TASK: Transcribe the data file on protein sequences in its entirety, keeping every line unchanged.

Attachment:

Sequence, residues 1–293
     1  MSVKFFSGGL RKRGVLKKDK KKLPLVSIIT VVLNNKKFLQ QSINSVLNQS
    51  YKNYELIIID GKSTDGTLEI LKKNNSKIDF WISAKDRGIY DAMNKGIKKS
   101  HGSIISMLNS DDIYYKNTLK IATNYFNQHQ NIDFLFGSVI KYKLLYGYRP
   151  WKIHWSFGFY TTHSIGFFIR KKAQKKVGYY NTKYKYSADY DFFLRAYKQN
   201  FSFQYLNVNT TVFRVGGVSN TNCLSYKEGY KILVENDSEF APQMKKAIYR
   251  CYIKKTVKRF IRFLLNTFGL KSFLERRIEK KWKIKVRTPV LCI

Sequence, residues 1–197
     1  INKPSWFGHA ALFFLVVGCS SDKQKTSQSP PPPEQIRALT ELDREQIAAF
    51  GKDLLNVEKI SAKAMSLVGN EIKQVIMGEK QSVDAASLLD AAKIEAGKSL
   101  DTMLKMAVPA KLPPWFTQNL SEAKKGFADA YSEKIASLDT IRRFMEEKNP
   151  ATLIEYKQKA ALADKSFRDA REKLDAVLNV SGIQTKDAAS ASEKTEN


Sequence, residues 1–293
     1  MSVKFFSGGL RKRGVLKKDK KKLPLVSIIT VVLNNKKFLQ QSINSVLNQS
    51  YKNYELIIID GKSTDGTLEI LKKNNSKIDF WISAKDRGIY DAMNKGIKKS
   101  HGSIISMLNS DDIYYKNTLK IATNYFNQHQ NIDFLFGSVI KYKLLYGYRP
   151  WKIHWSFGFY TTHSIGFFIR KKAQKKVGYY NTKYKYSADY DFFLRAYKQN
   201  FSFQYLNVNT TVFRVGGVSN TNCLSYKEGY KILVENDSEF APQMKKAIYR
   251  CYIKKTVKRF IRFLLNTFGL KSFLERRIEK KWKIKVRTPV LCI

Sequence, residues 1–197
     1  INKPSWFGHA ALFFLVVGCS SDKQKTSQSP PPPEQIRALT ELDREQIAAF
    51  GKDLLNVEKI SAKAMSLVGN EIKQVIMGEK QSVDAASLLD AAKIEAGKSL
   101  DTMLKMAVPA KLPPWFTQNL SEAKKGFADA YSEKIASLDT IRRFMEEKNP
   151  ATLIEYKQKA ALADKSFRDA REKLDAVLNV SGIQTKDAAS ASEKTEN